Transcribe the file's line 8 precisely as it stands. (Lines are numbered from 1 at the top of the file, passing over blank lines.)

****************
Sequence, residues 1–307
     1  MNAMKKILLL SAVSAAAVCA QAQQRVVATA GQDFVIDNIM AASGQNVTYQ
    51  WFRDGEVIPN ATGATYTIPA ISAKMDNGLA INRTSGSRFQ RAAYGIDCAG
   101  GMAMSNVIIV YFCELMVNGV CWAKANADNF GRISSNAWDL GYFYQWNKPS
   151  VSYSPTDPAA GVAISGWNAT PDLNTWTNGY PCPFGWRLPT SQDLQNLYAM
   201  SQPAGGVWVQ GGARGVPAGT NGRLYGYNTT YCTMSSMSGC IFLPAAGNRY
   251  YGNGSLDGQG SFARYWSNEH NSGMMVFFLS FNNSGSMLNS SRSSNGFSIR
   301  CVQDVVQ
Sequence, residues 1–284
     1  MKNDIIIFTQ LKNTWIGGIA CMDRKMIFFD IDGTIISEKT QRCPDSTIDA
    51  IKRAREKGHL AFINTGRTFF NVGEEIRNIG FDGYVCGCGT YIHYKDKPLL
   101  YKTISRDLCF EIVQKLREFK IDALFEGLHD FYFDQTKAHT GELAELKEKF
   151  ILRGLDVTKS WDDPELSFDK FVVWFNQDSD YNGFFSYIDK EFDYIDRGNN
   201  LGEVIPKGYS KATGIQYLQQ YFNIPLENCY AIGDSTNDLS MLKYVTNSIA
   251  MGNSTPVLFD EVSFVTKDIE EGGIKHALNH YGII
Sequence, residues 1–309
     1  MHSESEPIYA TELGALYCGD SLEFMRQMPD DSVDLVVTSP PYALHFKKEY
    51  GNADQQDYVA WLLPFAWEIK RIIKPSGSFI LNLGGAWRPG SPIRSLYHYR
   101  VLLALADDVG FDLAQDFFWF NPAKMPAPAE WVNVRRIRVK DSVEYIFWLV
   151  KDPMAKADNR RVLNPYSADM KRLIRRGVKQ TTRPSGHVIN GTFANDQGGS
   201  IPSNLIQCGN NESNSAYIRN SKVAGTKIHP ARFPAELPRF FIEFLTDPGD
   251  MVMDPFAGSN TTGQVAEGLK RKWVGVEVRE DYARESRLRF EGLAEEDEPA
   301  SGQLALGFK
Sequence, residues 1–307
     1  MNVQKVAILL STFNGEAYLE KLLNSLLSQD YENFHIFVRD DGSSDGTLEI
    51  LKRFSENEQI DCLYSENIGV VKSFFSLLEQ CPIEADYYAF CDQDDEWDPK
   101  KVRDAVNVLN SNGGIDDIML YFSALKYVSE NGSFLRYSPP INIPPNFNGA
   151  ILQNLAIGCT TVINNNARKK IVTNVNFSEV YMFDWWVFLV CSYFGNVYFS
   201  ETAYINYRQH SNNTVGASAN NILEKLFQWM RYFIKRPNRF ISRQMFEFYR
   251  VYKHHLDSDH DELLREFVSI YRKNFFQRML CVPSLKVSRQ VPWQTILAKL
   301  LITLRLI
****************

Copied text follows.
   301  CVQDVVQ